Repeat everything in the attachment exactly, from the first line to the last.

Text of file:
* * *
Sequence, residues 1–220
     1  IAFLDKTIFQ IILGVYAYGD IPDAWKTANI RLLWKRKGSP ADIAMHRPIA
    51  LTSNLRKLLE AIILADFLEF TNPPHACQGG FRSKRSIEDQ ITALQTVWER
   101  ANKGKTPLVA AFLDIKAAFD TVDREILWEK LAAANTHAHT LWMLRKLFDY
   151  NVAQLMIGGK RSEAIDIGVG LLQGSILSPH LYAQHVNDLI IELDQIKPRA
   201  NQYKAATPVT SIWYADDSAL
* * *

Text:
Sequence, residues 1–220
     1  IAFLDKTIFQ IILGVYAYGD IPDAWKTANI RLLWKRKGSP ADIAMHRPIA
    51  LTSNLRKLLE AIILADFLEF TNPPHACQGG FRSKRSIEDQ ITALQTVWER
   101  ANKGKTPLVA AFLDIKAAFD TVDREILWEK LAAANTHAHT LWMLRKLFDY
   151  NVAQLMIGGK RSEAIDIGVG LLQGSILSPH LYAQHVNDLI IELDQIKPRA
   201  NQYKAATPVT SIWYADDSAL